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Cops con crooks with app-hundreds arrested globally for drugs, money laundering and murder plots

Australian and US police use encrypted app to trick drug dealers, money launderers and potential murderers, China’s crypto crackdown continues with hundreds of money laundering arrests, and artists not in frame of UK’s new anti-money laundering regulations

Napier AI
June 11, 2021

Australia and FBI duped crooks into discussing drugs, financial crime and murder on messaging app

A multi-national sting operation led by the Australian Federal Police (AFP) and the United States’ FBI has culminated in 800 arrests in 18 countries around the world. Australia alone recorded 224 arrests.

Using the umbrella codename Operation Trojan Shield, the bust was a cooperation between law enforcement agencies from Australia, the USA, New Zealand, the UK and the EU.

The sting was initiated in the USA in 2018, when FBI officials took control of ANOM, an encrypted app service.  Until very recently, devices with the app were popular with criminals, who believed the messaging service was secure as its camera, voice, email, and location capabilities were disabled.

Devices with the FBI-run app were surreptitiously distributed to organised crime groups worldwide through a network of informants and undercover agents over approximately 18 months. In all, AFP and FBI officials decrypted 27 million messages discussing a range of criminal activity, with 20 000 of the devices being used by some 300 criminal organisations in over 100 countries.

Ironically, Australia’s flamboyant fugitive and suspected drug dealer, Hakan Ayik, unknowingly assisted authorities with uptake of the app. A respected underworld figure, he trusted and encouraged using the service amongst his associates.

Australian Prime Minister Scott Morrison led worldwide praise for the sting operation, calling it "a watershed moment in Australian law enforcement history."

Read more on this story at the BBC.

Chinese police arrest 1100 suspects and bust 170 cryptocurrency gangs involved in money laundering

Those arrested were suspected of using cryptocurrencies to launder proceeds from telephone and Internet scams and the clamp down is further demonstration of the country’s drive against financial crime in the crypto-trading sector.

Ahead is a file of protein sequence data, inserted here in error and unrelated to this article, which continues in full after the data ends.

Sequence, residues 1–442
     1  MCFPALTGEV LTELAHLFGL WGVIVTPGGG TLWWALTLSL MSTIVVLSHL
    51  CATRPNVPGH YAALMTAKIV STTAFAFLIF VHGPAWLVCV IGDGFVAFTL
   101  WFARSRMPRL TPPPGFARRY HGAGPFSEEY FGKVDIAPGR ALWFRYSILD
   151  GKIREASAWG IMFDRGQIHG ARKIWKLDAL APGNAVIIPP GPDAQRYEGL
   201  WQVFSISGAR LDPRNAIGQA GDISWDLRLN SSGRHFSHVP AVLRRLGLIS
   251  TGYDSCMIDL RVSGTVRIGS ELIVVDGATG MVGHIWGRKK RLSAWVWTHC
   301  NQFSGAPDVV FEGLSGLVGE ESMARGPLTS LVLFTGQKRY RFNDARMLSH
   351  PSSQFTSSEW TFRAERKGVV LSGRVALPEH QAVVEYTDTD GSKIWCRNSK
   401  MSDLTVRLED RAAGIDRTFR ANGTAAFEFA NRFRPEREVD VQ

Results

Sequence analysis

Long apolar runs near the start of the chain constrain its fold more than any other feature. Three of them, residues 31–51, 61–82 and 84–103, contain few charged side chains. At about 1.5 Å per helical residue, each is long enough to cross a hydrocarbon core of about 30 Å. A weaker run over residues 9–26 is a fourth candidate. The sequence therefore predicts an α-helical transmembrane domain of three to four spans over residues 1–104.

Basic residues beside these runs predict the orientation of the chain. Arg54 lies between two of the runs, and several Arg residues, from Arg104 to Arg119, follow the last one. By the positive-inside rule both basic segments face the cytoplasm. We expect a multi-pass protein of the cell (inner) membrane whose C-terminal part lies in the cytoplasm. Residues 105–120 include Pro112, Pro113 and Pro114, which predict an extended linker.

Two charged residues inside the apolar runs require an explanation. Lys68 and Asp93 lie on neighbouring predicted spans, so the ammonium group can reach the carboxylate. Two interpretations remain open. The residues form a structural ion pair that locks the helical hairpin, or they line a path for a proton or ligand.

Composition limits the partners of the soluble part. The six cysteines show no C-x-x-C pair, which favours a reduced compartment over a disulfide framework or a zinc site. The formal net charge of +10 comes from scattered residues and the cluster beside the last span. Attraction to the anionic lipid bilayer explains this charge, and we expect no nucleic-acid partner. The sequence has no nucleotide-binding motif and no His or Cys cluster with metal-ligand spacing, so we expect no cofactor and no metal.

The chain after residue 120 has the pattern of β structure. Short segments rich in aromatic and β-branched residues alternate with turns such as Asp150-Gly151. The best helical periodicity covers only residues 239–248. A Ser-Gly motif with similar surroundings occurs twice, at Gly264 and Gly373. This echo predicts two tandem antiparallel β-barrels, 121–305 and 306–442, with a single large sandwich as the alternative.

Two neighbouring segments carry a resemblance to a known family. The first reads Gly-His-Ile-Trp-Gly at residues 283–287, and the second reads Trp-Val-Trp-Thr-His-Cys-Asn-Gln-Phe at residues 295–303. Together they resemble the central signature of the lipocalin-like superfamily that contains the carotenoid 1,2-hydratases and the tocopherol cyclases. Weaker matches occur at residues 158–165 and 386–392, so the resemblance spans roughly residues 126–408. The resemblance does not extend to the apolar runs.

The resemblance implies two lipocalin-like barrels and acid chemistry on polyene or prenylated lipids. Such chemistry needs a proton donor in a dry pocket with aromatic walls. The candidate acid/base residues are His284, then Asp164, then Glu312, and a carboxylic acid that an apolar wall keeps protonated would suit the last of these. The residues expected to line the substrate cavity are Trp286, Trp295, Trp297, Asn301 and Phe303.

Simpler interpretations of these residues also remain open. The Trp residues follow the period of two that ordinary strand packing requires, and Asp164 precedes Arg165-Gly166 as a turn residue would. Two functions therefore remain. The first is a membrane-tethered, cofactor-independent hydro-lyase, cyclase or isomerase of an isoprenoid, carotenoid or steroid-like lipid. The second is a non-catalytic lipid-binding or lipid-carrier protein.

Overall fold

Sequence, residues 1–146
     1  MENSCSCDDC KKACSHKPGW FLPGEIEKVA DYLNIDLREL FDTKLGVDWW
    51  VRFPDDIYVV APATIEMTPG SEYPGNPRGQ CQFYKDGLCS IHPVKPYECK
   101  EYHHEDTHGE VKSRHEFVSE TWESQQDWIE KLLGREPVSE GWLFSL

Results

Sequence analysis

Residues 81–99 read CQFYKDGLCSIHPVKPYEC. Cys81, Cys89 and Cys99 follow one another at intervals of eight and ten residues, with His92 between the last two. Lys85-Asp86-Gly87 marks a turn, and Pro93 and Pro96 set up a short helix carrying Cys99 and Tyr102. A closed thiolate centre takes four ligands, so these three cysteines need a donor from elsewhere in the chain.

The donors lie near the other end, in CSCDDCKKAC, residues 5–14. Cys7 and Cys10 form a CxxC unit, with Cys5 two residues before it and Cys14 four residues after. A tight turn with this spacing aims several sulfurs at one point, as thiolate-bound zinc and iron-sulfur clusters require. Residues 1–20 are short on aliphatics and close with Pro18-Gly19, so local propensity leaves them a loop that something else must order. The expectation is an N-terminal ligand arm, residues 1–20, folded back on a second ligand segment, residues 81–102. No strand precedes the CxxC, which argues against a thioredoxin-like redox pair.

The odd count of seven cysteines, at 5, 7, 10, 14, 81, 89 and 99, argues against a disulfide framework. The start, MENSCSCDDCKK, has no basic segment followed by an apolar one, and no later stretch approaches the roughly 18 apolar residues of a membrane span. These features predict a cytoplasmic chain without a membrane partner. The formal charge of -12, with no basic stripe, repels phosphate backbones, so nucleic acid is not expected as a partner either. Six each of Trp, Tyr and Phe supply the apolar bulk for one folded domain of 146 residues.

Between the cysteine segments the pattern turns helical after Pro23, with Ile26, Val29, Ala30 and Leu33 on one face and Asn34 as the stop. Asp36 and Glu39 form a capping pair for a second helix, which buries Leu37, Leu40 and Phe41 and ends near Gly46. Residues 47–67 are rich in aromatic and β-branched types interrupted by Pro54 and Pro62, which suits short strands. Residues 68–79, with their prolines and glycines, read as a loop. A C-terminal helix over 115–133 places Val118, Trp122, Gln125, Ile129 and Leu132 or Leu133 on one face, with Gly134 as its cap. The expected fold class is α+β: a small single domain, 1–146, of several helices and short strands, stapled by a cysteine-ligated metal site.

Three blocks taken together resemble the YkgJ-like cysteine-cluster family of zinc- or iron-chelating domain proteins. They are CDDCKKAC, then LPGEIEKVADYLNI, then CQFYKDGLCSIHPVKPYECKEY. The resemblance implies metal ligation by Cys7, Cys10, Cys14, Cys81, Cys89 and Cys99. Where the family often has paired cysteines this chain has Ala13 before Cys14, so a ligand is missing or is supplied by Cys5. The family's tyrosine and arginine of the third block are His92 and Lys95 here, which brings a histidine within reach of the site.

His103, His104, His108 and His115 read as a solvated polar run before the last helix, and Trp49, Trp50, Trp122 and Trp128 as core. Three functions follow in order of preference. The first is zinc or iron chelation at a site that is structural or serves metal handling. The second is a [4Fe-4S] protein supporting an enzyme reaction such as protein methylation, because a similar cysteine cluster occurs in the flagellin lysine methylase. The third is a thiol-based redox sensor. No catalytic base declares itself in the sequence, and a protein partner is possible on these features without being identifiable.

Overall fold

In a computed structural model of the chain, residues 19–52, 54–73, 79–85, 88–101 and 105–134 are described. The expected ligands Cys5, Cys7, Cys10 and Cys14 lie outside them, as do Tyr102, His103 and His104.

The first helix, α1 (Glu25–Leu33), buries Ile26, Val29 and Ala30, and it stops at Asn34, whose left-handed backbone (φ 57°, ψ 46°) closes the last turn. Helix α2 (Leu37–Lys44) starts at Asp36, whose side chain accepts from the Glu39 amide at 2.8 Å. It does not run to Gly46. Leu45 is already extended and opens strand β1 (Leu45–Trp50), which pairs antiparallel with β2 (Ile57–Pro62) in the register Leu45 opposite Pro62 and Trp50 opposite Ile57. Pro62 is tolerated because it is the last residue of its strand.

It follows last month’s announcement by three influential state-backed financial service agencies, in which cryptocurrency dealings of any sort within the ranks of their member organisations were banned outright. The State Council also committed to the crackdown, and several crypto-related Weibo accounts were blocked during last weekend.

According to China’s Ministry of Public Security, the 1100 people arrested are suspected of laundering money for criminal clients. The suspects allegedly profit by charging their clients 1,5 to 5% of the ill-gotten gains converted into virtual currency through crypto exchanges.

The recent intensification of the campaign to combat money laundering in cryptocurrency trade by Chinese authorities comes in the face of an increase in the number of crimes identified within the sector. China’s Payment & Clearing Association explained on Wednesday that the anonymous and global nature of virtual currencies means that “they have increasingly become an important channel for cross-border money laundering.

Read more on this story at Reuters.

Relief as UK’s new anti-money laundering regulations leave artists out of the picture

There was widespread relief amongst UK visual artists recently, as the country’s new anti-money laundering (AML) regime came into force yesterday, with last month’s confirmation from the UK Treasury that they are exempted from the regulations. Artists have been in limbo over whether they would be classified as Art Market Participants (AMPs) for almost 17 months.

The AMP classification would have required working artists who participate in transactions of €10 000 (£8600) or more to register with Her Majesty’s Revenue and Customs (HMRC) department. This would have meant that as of yesterday, artists would be subject to financial and AML compliance implications which could be onerous and unmanageable for many in the sector.

The fine art world has long been seen as a risk area for money laundering due to its tradition of anonymous clients, proxy buyers and large exchanges of funds with minimal due diligence. This vulnerability resulted in London’s galleries receiving unwelcome attention from the National Crime Agency (NCA) in March.

The HMRC announced the good news for artists late last month, stating that “HM Treasury have recently confirmed that it is not intended that artists — persons who create original art — are in scope of the AMP definition and therefore they are not required to register as an AMP.

Read more on this story at The Art Newspaper.

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